When I was invited to attend the Balanced Team Chicago Salon, I was excited for the opportunity to bring my PR and communications perspective to a networking event I knew would be full of developers and designers. At the intimate un-conference held in Pivotal Labs’ Chicago office last month we discussed collaboration and workshopped creating, leading and working as part of a balanced team. By definition the event was open to all professional disciplines and areas of expertise.
Rounding up even a small group of people from different professional backgrounds and disciplines to participate in a workshop seems like a difficult task. Whether people aren’t interested in learning about the work that others do, they’re not convinced they’ll get anything out of an event that’s not part of their professional niche or they fear not fitting in, I don’t know. So I appreciate when an event successfully makes all feel welcome, even and especially when that event is attended primarily by people in a certain industry or field, as the Balanced Team salon was.
And I am all the more appreciative when that event also turns out to hold value for all participants. The Balanced Team Chicago Salon certainly did for me. It was worth it to meet new people doing things with technology I hardly understood. There was meaningful conversation around what all of us do and how we can effectively collaborate together on a team.
Here are a few thoughts I came away with:
- A truly successful collaboration between professional disciplines, unique skill-sets and areas of expertise is going to take us out of our comfort zones. It’s important that a safe space is created for asking intelligent and dumb questions alike. If we don’t develop working relationships that allow us to ask the questions that feel foolish, we can’t come to understand everyone’s role on the team or how we can all help each other.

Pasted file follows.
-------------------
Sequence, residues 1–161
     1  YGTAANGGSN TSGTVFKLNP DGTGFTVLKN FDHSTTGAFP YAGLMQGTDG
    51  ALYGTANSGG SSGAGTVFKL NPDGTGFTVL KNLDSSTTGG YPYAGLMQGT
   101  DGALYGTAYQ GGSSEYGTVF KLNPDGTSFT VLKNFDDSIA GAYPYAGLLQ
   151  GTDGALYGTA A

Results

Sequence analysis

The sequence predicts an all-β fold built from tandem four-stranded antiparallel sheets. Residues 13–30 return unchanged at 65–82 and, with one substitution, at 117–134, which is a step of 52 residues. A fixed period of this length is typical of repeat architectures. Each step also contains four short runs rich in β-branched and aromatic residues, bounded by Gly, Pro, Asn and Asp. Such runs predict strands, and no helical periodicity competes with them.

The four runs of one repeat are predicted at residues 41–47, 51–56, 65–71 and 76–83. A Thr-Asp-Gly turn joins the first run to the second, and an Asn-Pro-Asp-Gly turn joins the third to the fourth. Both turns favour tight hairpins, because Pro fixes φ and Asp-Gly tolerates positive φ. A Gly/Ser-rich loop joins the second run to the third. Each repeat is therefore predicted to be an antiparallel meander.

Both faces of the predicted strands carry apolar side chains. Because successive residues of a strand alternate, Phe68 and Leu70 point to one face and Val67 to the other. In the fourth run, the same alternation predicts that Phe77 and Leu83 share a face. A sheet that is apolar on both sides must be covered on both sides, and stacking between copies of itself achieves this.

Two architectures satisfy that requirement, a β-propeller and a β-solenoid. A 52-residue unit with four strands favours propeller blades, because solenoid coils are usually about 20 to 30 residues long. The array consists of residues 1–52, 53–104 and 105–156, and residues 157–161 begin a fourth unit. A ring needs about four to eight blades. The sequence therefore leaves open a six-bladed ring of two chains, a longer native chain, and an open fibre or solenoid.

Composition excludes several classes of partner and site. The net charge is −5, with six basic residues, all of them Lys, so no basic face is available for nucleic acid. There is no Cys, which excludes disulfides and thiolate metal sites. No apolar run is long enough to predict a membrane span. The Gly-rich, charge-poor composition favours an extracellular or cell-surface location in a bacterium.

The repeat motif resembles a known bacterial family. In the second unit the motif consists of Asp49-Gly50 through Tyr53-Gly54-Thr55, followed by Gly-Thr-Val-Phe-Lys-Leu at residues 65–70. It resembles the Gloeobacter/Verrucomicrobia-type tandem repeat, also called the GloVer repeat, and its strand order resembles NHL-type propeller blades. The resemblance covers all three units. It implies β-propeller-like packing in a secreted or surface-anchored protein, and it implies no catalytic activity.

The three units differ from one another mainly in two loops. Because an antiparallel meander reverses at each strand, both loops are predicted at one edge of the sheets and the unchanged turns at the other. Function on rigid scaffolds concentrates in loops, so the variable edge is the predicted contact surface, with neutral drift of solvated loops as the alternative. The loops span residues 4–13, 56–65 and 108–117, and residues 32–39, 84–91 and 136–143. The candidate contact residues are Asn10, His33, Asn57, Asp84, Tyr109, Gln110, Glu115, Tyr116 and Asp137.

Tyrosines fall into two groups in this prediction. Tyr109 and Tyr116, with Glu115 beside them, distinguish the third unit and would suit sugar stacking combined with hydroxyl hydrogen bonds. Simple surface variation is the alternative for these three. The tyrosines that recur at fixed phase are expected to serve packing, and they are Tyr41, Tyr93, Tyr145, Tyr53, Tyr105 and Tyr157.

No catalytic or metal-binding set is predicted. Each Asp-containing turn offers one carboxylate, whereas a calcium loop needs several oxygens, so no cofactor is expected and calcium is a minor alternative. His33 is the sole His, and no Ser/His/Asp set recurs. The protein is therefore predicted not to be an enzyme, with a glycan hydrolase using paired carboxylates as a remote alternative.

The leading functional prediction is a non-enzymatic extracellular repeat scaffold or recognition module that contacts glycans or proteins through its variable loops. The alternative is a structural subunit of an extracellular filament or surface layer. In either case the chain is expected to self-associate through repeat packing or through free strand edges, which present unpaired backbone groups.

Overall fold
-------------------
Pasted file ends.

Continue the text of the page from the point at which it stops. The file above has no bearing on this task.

- A good collaborator makes an effort to understand how her colleagues and clients think. I think this is key for professional communicators. When we’re in tune with how stakeholders in our work think, we can tailor how we communicate, or the message itself, for those different thought processes, and thereby improve productivity on our team.
- Collaboration is a skill that must be practiced. A collaboration-focused work philosophy involves actively seeking out projects that get us working with a variety of disciplines and work styles.
- We should aim to develop a balanced professional network. A friend of mine who was also present at the workshop pointed out during the discussion that we should seek happiness in our professional lives the way we do in our social lives. Many of us have developed a network of select friends who fulfill our various social needs. Likewise, we should think of our professional network in terms of our professional needs—who belongs in your network to meet those needs? What kind of contacts can contribute to your overall professional satisfaction and success? Probably a group of people with an array of knowledge and skill-sets. Seek them out to develop a balanced professional network.